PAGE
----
Petty still has weak spots, but delivers
By Dan DeLuca
The Philadelphia Inquirer — August 21, 2006
It’s fashionable these days to champion Tom Petty as the great under-appreciated American rock star; the steady-as-he-goes classicist who has never been given Dylan-Springsteen respect despite serving up hit after hit, year after year, since Tom Petty & the Heartbreakers came out in 1976.
Three decades later, Petty still delivers the goods with his new solo album, Highway Companion. And the 55-year-old Florida native, who brought his Heartbreakers to the Tweeter Center in Camden Friday for a sold-out show, is on what he says might be his last tour.
Isn’t it finally time the rocker got his props?
But Petty’s weaknesses were all too visible at the Tweeter: Is there a major American rock star with weaker stage patter or a less commanding presence?
Petty’s songs are always hummable, but his weaker attempts, such “Learning To Fly” and “It’s Good To Be King,” are built around such lazy cliches, they cry out to be played with irony. But Petty was too chilled out to bother subverting them.
And Petty can convey such diffidence. It seems like the “It don’t really matter to me” lyric from “Refugee” is his motto.
So what made the two-hour Tweeter show so surprising and satisfying is that Petty took a real chance and wore his rock-and-roll heart on his sleeve.
Instead of relying on his identifiable hits, Petty – perhaps inspired by his moonlighting gig as an XM Satellite Radio DJ – drew upon a treasure trove of blues and rock nuggets, including Fleetwood Mac’s “Oh Well,” Chuck Berry’s “Too Much Monkey Business,” Howlin’ Wolf’s “Little Red Rooster” (with Greg Allman of openers the Allman Brothers Band sitting in) and an extended encore version of Them’s “Mystic Eyes.”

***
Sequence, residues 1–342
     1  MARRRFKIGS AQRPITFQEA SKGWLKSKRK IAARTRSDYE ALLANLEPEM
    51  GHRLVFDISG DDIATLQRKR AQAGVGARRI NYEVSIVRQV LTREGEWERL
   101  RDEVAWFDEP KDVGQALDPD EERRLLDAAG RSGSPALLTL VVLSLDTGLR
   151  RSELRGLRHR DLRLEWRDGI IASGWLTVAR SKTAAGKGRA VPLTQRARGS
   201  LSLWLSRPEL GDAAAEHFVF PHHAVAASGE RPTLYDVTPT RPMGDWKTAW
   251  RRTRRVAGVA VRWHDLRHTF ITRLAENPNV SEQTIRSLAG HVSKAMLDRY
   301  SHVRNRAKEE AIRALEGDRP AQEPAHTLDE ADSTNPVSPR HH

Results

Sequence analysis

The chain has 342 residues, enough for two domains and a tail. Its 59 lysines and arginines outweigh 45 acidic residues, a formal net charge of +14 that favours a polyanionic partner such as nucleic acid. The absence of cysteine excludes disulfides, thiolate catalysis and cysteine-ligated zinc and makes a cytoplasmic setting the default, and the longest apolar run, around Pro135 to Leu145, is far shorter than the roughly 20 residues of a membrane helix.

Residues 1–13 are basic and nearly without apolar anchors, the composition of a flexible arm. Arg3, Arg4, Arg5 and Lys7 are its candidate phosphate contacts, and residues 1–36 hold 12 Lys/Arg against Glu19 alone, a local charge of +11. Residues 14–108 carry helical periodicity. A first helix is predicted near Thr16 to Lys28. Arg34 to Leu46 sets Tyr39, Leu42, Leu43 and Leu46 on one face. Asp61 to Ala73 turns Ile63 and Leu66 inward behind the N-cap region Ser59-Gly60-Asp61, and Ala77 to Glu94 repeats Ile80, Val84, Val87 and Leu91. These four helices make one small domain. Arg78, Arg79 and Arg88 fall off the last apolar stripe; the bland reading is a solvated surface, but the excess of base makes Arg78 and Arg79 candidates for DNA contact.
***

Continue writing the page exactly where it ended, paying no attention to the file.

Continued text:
Petty’s best songs – particularly “American Girl,” as timeless, and perfect, as its title – measured up to his rock heroes. Even his tendency to retreat in the background worked in Petty’s favor, because it allowed the seasoned, disciplined Heartbreakers to come to the fore.
Drummer Steve Ferrone, keyboard player Benmont Tench and multi-instrumentalist Scott Thurston all shone. But the star was guitarist Mike Campbell, who looked a bit strange in dreadlocks but played impeccably all night. Principal soloist on every song, he never plays too much or too little, and was masterful at building emotional release.
The crowd got their first glimpse of Petty, along with Campbell and Tench, when they joined the Allmans for a Southern-rock version of Bob Dylan’s “Highway 61,” which lived up to its ambitions. The quality did not slack off when the Allmans followed it with Blind Faith’s “Layla.”
FOR THE RECORD – CLEARING THE RECORD, PUBLISHED AUGUST 22, 2006, FOLLOWS: A concert review of Tom Petty and the Allman Brothers Band that appeared in yesterday’s Inquirer misstated the original band that performed “Layla.” It was Derek & the Dominos. The review also misspelled Gregg Allman’s name.